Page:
Thursday, February 04, 2010

Inequality and Income distribution of G20

Recently I have read an extremely informative article in G20 website about the growth in personal income among the population of different G20 countries and there was a similar NBER working paper. The article is a little long, but it gives deep insight about poverty, inequality and income distribution. The research tracks the income growth since 1970. One interesting observation is that the G20 income distribution exactly traces the entire world's income distribution. Since G20 represents more than 60% of world's population, it may make sense. But what makes then a part of this club is not their population, but their economic growth. If that is the case, shouldn't G20 income be significantly or at least notably larger than the world average? The fact that it is not simply implies that even in a fast growing economies, poverty is a continuous problem. The US, Europe and Japan occupy the highest income distribution segment among the G20, as expected.

Another observation is that the income range in 1980 is more or less the same as it was in 1970. Seventies has been the decade of small, recurring depressions all over the western world, just like the current decade, although there was nothing as worse as the current depression since 1930s. Seventies also saw the peak of cold war. In seventies, more than one-fourth of India and China was earning lesser than $1 per day. China's socialist market economy has not kick started at that time and India was still confused and there were not stable economic and trade policy to talk about. In fact, it was more tilted towards USSR.

In 1980, China has started its internal liberalizations. India was still confused and the government was holding most of the industries. The industries lacked in technological growth, innovation, and productivity. The society was split in different terms and keep on innovating ways to not stick together.

Then started the roaring nineties and its globalization. India made some right choices and jumped on the globalization bandwagon. Or rather it can be argued that India had no other choice. One thing that still bothers me even now was the marked absence of internal liberalization in India. Except in certain sectors like banking, when the Indian market opened for private investments, it immediately invited global players. So the number of pure Indian players who compete with these global giants was less. At the end of the roaring nineties, Asia hit a currency crisis with Thailand as its epicenter. The different countries which were the proud foster children of IMF fell down first almost pulling down everybody around along with them. What did India and China do differently? The more suitable question is what did they not do. They did not drink the capital market liberalization potion. And thus they survived.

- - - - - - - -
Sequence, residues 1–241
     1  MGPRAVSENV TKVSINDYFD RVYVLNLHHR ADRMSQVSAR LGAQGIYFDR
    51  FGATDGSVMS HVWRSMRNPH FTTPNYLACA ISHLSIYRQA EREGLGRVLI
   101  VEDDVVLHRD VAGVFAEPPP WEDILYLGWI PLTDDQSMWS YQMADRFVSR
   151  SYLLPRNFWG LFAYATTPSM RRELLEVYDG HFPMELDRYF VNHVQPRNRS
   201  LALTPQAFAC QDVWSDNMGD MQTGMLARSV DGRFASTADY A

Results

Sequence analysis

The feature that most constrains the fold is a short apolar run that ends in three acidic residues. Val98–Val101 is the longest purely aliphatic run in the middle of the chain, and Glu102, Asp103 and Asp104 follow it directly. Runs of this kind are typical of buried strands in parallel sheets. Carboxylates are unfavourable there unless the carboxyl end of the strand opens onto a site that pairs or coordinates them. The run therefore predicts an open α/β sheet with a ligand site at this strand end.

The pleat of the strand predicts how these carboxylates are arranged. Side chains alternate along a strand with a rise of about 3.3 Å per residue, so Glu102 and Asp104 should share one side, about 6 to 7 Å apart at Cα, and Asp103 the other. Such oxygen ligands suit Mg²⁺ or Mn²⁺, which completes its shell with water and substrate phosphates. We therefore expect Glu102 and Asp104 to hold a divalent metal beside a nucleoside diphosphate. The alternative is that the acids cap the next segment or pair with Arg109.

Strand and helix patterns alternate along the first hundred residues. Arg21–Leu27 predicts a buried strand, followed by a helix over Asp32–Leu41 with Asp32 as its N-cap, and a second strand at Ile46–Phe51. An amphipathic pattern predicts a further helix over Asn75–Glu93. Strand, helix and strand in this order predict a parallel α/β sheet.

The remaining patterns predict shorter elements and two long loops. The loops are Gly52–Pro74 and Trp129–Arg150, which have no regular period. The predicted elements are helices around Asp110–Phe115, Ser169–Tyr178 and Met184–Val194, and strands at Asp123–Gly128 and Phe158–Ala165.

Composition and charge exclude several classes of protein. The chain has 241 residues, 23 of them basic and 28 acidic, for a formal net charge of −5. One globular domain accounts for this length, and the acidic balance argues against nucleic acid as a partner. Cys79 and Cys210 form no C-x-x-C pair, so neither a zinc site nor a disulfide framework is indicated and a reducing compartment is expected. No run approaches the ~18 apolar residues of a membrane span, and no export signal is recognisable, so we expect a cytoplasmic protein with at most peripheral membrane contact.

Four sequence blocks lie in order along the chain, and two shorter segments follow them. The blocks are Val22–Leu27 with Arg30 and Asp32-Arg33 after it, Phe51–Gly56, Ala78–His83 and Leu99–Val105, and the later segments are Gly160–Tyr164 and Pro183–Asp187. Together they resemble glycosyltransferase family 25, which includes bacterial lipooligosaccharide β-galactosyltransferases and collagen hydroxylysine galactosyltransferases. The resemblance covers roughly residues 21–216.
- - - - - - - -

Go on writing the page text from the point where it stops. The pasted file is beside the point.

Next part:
The best observation that we can make out of these curves is that throughout this period, the shape of the income distribution curve remained the same. This means when India's economy started developing through globalization, it created positive effect of everybody across the histogram. On the other hand, China's curve became flatter and flatter - which means the inequality between the rich and the poor increased constantly and dramatically. But in India, although it did not achieve the income shift as China did, it managed to maintain its income distribution ratio.

Now whatever short term political stupidity might have happened in India over the past two decades, this could arguably be its greatest achievement since independence. Kudos to India's policymakers!

Note: All images courtesy:,

1 comment:

  1. Excellent. Import substitution and self-sufficiency were the two mantras that Jawarharlal Nehru followed at that time. So even if the import is cheap, it was prohibited. Instead Indian markets were flooded with goods manufactured in India (costly ones using
    technological obsolecense.) But only when Mr. Narasima Rao was the PM and Dr. Manmohan Singh was the FM, liberalisation process was started.
    But as you stated, the liberalisation helped only overseas companies to open shops in India. No company from the private sector was
    benefited from the liberalisation thanks to the absence of internal liberalisation.